Poinsettias may be the star of the holiday season, but there are other seasonal plants that can brighten the home.
Take the amaryllis, for instance. Perhaps you received an amaryllis bulb kit as a gift or bought one already planted to add a festive air to your home. Whatever the case, here’s what you can do after the holidays to make it last for years to come.
Amaryllis is a tender bulb and has the genus name Hippeastrum, which means “horse star,” an appropriate name for a plant that produces massive blooms as large as 8 to 10 inches across.
These plants can produce three to four blooms on a 1- to 2-foot stem. Often, a second flower stalk follows the first at about the time the flowers on the first stem fade. The leaves usually start to appear when the flowers begin to open.
Amaryllis bulbs can be huge. Size does matter as the larger the bulb, the larger the flowers. Larger bulbs also tend to be more expensive. Amaryllis likes tight quarters. Place in a pot only 1 to 2 inches larger in diameter than the bulb. About half of the bulb should remain exposed.
Hold the bulb so the roots hang down into the pot, and add potting mix. Firm the mix around the roots carefully so that they are not snapped off. Water thoroughly and place the plant in a warm, sunny location.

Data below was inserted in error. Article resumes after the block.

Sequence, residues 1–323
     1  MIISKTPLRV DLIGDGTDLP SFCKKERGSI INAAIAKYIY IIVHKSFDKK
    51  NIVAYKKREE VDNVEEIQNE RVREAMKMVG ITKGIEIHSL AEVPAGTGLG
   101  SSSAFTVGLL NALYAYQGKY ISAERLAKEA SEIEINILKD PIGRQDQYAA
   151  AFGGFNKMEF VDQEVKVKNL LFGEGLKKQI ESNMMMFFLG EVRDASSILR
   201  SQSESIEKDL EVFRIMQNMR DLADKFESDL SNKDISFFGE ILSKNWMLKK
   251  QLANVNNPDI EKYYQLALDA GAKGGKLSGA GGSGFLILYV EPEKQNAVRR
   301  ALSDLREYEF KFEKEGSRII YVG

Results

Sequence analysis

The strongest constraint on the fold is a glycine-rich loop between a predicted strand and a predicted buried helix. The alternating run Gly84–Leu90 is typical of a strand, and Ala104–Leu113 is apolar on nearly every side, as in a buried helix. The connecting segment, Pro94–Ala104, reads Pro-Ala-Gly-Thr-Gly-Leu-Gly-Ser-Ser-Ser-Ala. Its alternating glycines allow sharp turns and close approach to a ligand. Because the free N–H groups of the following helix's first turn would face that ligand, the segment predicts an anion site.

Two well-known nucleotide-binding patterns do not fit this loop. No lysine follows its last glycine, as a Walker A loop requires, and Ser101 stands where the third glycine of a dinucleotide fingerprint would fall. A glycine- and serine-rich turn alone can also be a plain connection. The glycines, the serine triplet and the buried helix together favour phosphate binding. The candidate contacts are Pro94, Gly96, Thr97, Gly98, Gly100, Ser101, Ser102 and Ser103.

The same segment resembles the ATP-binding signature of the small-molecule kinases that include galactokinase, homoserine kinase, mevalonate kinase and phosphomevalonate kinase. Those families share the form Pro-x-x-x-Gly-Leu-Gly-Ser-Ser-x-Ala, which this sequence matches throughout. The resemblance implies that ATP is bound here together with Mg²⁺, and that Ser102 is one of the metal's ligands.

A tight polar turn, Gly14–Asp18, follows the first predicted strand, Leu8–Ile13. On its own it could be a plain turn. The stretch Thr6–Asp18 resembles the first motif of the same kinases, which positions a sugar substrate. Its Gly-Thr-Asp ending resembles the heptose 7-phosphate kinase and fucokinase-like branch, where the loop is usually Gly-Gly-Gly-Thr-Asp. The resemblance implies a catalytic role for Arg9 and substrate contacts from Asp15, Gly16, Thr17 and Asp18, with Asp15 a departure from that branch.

Potted bulbs can be saved and re-bloomed with a little extra care. Amaryllis likes day temperatures in the 70s and night temperatures in the 60s. The flower bud may start to appear right away, or the plant may remain dormant for a period of time, but eventually all mature bulbs bloom.
Move the plant to a cooler location and out of direct sunlight when the flower buds begin to show color so the flowers last longer. Amaryllis can remain in bloom for about a month.
Flowers should be cut off after blooming to keep the plant from expending energy to form seeds.
Place the plant in a sunny location until it is warm enough to be placed outside. In the spring, when there’s no threat of freezing, sink the pot in the soil in an area that has dappled shade. The plant can gradually be moved to sunnier locations until it receives full sun for a half day. Continue to fertilize with a balanced houseplant fertilizer as you would a normal houseplant.
Amaryllis must go through a resting or dormant period before they will re-bloom. Bring the pot in before first frost and place in a dark location. Withhold all water so the leaves have a chance to dry completely. Leaves can then be cut off close to the top of the bulb. Most varieties will require about eight weeks of dormancy. After that time they can be brought back into the light and the blooming process can start.
Amaryllis can often be left in the same pot for several years but will eventually need repotting. With proper care amaryllis will delight for many years to come.
Dennis Patton is a horticulture agent with the Kansas State University Research and Extension. To get your gardening questions answered on The Star’s KC Gardens blog by university extension experts, go to KCGardens.KansasCity.com.